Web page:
Treatment with 10-15 mg/kg/day UDCA us. a placebo has been evaluated in various clinical essays,19 - 25 but not all studies report UDCA as beneficial for treating PBC.7 , 8 In the present study, results show a survival difference between the UDCA and OT group.

Different prognostic factors with an impact on survival of PBC patients have been described: degree of hepatic damage at time of diagnostic; serum bilirubin higher than 1.57 mg/dL; serum albumin concentration lower than 3.8 mg/dL; and lack of response to UDCA treatment.15 , 16 , 26 In present study, UDCA treatment, gender, and Mayo Risk Score had impacts on the mortality of PBC patients. These findings are consistent with other reports.2 , 15 , 16

Before the UDCA era, the main reason for hepatic transplants in the United States was PBC. In the last few decades, the number of patients with PBC who require hepatic transplants has diminished by 20%.27 According to U.S. statistics, PBC patients are now the sixth choice for suggested hepatic transplants.28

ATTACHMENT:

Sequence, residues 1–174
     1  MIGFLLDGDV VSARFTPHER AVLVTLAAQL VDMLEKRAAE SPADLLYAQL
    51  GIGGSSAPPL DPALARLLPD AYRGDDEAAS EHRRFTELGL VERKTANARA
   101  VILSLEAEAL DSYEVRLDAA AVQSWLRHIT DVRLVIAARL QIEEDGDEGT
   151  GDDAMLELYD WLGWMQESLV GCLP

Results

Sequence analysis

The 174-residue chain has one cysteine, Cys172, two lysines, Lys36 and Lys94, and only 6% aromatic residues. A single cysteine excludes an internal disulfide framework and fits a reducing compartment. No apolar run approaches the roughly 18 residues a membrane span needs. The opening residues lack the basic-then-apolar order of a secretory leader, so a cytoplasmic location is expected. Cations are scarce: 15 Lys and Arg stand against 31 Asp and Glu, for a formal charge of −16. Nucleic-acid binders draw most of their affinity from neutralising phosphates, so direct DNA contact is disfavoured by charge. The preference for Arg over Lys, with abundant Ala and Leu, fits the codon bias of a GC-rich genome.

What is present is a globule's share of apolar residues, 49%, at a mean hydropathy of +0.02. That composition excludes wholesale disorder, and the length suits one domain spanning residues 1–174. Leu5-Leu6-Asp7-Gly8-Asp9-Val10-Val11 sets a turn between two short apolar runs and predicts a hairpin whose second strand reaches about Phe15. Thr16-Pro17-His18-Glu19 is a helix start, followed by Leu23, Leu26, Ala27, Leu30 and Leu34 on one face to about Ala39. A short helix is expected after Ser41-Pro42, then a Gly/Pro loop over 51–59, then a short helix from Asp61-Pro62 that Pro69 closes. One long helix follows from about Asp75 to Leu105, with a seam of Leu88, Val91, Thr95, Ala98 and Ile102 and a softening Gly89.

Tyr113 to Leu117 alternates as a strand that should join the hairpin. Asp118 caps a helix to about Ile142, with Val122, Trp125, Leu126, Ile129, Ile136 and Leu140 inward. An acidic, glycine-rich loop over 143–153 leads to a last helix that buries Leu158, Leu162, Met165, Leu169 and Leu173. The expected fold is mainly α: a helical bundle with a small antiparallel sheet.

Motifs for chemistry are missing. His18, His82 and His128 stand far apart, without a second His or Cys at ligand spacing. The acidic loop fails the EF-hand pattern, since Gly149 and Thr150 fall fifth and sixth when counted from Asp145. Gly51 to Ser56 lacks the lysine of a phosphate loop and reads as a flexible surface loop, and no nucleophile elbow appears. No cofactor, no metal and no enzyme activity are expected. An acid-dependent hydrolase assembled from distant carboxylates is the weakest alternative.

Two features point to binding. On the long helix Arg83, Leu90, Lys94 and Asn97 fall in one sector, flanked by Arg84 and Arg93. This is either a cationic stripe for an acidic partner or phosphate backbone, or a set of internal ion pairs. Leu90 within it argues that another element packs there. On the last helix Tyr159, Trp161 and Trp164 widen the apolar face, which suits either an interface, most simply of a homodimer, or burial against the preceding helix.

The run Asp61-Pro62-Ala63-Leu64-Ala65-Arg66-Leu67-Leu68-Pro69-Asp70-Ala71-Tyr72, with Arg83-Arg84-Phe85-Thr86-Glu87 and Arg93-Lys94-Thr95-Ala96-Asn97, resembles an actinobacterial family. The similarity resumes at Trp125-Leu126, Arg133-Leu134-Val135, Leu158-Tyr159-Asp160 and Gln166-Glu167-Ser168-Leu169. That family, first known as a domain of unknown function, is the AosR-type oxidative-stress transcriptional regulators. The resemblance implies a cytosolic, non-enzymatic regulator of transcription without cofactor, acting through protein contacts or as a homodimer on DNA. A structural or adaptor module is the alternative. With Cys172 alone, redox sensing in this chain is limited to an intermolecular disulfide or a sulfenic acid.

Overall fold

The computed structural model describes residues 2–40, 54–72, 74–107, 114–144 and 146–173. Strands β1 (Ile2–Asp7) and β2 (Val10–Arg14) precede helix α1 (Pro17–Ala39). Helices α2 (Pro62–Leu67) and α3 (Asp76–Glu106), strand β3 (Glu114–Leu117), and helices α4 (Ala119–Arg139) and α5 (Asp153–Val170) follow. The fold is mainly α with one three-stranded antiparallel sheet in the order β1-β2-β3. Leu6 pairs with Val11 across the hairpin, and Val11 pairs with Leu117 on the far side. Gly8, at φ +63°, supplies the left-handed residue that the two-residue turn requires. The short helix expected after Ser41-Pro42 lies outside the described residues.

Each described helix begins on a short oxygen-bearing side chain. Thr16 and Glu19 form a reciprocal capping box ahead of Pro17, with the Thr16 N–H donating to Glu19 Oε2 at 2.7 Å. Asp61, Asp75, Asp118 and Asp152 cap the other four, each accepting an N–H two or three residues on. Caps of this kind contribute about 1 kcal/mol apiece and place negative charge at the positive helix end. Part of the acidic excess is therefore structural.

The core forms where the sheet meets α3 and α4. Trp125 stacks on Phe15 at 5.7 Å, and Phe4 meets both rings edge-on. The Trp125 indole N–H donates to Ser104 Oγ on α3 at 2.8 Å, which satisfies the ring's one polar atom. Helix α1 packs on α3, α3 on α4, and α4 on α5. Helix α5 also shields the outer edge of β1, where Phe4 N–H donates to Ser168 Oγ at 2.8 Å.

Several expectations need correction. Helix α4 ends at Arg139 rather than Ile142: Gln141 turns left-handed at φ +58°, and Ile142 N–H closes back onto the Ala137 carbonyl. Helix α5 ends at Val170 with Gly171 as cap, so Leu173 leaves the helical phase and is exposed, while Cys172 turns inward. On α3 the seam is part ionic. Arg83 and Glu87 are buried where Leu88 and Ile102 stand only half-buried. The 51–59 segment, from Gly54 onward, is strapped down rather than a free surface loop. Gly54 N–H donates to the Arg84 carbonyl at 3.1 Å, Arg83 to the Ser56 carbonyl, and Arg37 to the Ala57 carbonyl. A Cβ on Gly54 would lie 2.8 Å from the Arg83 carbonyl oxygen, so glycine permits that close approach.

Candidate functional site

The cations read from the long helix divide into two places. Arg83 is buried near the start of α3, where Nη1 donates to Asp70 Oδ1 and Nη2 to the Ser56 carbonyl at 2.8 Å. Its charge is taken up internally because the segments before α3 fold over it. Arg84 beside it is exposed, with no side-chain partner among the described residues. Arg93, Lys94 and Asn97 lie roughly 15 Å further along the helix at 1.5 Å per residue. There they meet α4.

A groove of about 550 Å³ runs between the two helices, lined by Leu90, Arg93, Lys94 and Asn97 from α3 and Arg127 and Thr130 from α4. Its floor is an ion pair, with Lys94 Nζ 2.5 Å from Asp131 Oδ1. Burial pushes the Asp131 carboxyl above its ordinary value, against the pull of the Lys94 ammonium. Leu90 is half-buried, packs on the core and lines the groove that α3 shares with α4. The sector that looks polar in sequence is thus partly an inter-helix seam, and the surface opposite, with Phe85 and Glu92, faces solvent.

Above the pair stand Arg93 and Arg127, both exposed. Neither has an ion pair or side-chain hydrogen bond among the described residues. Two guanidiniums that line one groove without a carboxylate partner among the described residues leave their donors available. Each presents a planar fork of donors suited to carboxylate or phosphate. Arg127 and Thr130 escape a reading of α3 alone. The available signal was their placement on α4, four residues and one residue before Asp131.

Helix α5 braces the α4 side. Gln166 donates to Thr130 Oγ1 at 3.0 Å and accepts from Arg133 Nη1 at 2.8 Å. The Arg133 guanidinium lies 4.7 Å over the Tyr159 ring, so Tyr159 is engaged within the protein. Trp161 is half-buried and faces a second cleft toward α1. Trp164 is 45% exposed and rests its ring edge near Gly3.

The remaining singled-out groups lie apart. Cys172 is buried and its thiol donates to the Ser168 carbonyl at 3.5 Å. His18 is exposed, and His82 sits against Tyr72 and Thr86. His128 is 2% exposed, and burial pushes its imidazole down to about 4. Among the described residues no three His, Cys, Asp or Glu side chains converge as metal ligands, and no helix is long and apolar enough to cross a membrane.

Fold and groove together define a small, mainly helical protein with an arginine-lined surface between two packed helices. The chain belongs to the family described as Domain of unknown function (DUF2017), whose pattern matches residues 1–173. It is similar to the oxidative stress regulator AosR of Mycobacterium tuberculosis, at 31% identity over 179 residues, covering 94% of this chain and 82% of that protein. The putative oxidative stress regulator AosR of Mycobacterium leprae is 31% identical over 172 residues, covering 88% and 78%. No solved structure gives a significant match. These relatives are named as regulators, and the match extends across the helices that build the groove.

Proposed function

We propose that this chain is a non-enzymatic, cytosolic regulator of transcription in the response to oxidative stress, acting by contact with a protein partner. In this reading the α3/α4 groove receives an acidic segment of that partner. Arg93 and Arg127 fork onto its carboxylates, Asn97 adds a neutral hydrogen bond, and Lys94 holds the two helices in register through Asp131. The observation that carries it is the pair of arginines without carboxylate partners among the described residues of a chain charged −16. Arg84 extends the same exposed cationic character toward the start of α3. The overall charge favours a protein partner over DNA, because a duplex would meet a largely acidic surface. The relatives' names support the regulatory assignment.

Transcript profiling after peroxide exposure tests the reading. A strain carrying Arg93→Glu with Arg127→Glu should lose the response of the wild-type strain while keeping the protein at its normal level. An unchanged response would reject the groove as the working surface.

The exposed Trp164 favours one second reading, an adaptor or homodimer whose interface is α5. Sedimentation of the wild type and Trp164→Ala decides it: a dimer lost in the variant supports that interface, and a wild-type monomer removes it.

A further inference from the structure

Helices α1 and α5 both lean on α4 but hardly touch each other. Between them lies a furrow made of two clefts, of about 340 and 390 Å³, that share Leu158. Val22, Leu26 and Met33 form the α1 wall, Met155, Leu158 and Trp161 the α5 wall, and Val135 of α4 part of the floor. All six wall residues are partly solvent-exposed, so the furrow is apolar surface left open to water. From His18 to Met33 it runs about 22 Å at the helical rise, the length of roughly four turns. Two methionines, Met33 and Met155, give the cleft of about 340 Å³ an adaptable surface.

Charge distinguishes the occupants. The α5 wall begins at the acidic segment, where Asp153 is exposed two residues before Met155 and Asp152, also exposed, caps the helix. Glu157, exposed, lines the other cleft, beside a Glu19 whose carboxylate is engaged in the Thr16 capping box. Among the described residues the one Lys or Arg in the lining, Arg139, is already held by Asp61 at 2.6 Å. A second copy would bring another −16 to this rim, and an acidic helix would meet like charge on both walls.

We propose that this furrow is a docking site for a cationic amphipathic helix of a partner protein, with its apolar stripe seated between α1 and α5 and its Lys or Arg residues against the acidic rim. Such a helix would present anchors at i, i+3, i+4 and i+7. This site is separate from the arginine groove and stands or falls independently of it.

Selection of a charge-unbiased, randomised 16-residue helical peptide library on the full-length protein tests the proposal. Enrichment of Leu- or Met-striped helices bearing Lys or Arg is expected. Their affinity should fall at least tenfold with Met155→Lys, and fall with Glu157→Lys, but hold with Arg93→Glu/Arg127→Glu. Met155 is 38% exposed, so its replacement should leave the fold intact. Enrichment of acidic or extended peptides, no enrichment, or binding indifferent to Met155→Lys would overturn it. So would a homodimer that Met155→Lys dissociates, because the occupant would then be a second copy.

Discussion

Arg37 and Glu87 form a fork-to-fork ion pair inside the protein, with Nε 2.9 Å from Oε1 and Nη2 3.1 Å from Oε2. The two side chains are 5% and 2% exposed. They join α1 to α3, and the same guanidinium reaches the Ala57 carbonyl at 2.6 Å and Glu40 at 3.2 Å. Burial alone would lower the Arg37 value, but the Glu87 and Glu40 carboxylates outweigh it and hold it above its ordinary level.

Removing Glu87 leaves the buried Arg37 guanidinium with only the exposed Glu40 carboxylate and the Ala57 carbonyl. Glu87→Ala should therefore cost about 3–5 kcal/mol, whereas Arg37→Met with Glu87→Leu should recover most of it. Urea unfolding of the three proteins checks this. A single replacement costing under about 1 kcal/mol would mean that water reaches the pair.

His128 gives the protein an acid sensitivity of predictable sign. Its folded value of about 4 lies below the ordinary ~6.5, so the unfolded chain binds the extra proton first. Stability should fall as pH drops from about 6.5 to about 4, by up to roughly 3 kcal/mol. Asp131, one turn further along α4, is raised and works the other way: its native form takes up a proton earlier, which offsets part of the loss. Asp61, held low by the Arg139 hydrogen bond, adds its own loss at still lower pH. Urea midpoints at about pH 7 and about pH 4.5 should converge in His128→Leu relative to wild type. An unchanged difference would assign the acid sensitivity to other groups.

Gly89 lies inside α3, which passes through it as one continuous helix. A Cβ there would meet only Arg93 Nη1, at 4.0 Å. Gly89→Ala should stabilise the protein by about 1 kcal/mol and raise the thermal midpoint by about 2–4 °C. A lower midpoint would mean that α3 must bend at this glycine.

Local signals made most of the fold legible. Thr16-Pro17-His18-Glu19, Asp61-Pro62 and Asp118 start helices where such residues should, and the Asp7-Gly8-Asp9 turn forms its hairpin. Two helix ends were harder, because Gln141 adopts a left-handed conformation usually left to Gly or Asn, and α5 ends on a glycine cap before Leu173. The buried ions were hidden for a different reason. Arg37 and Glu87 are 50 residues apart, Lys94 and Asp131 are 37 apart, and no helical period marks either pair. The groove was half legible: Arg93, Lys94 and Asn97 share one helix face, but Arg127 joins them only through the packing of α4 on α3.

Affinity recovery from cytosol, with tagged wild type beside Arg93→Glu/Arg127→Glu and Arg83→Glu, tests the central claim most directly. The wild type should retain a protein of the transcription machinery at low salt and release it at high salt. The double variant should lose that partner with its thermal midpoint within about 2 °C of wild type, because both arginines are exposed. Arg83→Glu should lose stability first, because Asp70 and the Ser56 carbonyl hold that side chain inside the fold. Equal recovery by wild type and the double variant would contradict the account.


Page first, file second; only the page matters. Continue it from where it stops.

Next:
The use of UDCA therapy to slow histological progression has a greater impact in Latin America because hepatic transplant program development there is very heterogeneous. Presently, hepatic transplants are only performed in 13 of the 19 countries of Latin America. ( 29 , 30

In some countries, like Mexico, the programs are still being developed and it is exceptional to find a hepatic transplant program more than 10 years old that fulfills all necessary quality criteria. Therefore, it is hard to compare Latin American statistics to European or North American programs. It is necessary to continue to do research that will allow us to better typify PBC patients in Latin American countries and their response to UDCA treatment and to continue to assess the need, benefits, and risks of subjecting PBC patients to liver transplants.